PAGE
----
Video of Empire State data Center Informational Meeting by Ted Laux

Goodenough said that the power plant building will not be used for the data center, which will be housed in new Morton buildings on the property.  But he said the power plant building will not be demolished.  Rather, it will be re-purposed for other uses, such as renting office space.  He said the chimney will be capped, and as part of shutting down the plant the landfill will be sealed.

The company has considered a diverse collection of potential businesses for the site once the power plant is closed for good.  Goodenough said some of their ideas included mill production plant, biodiesel, amoebas that processes CO2 to make fish food, wood pellet plants, converting to gas, solar, and pump storage.

"We tried to get coal generation to gas to a milk plant, biodiesel, fish farms, a wallboard plant... you name it, we've looked at it," Mirabella said. "I think we're finally to a point now where we can get excited about a project, a data center.  It's a win-win for the state, the community, and environmental groups.  I think this is something we can sink our teeth into and make this happen."

Goodenough gave the current employees high praise, but acknowledged that retraining power plant workers for data center jobs is problematic because the skill sets are so different.  He said that there will be some jobs current employees can do, but said that the company is still trying to work out how to help its current employees.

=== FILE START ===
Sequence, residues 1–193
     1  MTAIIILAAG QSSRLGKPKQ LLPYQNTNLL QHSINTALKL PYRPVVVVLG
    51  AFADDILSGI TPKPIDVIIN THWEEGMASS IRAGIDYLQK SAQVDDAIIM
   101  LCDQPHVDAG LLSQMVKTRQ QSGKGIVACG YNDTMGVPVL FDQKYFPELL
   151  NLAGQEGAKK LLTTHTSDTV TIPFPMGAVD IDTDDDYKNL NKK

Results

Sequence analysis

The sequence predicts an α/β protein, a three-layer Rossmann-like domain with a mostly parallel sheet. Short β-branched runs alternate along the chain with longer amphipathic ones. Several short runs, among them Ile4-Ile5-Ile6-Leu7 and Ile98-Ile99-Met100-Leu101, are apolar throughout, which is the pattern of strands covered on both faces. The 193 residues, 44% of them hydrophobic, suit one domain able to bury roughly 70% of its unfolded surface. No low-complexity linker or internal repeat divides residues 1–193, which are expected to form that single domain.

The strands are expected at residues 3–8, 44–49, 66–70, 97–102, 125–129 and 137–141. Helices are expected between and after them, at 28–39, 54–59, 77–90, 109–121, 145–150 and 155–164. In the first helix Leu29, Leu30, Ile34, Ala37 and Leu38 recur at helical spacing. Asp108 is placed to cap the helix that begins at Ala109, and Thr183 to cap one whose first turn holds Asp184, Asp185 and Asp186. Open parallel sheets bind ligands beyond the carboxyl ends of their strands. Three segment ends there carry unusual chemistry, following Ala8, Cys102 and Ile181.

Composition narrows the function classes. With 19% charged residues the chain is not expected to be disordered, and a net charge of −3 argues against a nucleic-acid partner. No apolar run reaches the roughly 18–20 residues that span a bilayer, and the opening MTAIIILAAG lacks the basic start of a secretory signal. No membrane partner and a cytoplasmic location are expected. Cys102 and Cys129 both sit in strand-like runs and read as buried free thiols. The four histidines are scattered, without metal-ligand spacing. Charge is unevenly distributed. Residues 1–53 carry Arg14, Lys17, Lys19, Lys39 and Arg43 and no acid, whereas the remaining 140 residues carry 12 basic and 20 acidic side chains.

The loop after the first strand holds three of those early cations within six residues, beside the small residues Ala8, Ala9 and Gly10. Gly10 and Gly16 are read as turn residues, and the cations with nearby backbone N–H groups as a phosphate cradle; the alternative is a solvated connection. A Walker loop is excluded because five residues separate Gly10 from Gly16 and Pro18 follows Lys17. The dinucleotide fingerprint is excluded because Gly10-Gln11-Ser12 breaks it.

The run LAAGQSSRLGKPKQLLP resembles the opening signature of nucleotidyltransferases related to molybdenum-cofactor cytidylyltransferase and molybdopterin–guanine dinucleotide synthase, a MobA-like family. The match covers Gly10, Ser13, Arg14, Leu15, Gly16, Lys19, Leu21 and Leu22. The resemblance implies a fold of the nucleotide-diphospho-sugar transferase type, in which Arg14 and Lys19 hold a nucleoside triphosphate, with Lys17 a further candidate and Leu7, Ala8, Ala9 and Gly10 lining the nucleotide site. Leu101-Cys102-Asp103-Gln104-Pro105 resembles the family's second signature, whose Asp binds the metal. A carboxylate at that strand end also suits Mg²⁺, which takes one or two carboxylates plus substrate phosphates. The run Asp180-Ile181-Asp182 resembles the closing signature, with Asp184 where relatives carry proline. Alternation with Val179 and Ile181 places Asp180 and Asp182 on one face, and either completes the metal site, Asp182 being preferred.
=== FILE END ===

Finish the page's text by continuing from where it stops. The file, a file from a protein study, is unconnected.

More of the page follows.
Mirabella explained the various permitting processes the company is and will undergo, and the two answered questions  about water usage, the monitoring and maintenance of the landfill, the retention of the old building including capping but not demolishing the smoke stack, energy efficiency measures the data center will undertake, the location of the solar farm, more information about jobs and providing a 'soft landing' for current employees, site cleanup, public access to Cayuga Lake, and many other topics.

One person asked what will happen if the state does not come through with the power allotment and the Empire State Development grant (to help fund re-use of electrical equipment).

"If we do not get our ask we have to figure out what we're going to do," Goodenough replied. "We're not sure yet what that is.  We've tried to turn over every rock to get where we are now. We're going to figure it out. I don't know what we're going to do.  The energy market won't support energy generation. It just won't."

Jerry Goodenough and Ed LaVigneJerry Goodenough (left) confirs with Lansing Town Supervisor Ed LaVigne

He and Lansing Town Supervisor Ed LaVigne stressed that community support will help the project's chances of getting what it needs from the state.  The Town Board did just that at a special meeting after the data center information meeting.  After some haggling over the precise language of a resolution urging Governor Cuomo, NYPA, and the Empire State Development Corporation to support Cayuga Operating Company's plan to deactivate the power plant and re-purpose it to a data center using renewable energy, the Board voted 5-0 to send certified copies of the resolution to Cuomo, NYPA President Gil Quiniones, NYPA Board of Trustees Chair John Koelmel, ESD Executive Director Howard Zemsky, State Senator Pamela Helming, State Senator Robert Ortt, Assemblywoman Barbara Lifton, LaVigne, Deputy Secretary for Energy and Environment Dale Bryk, and Director of Policy John Maggiore,

Pin It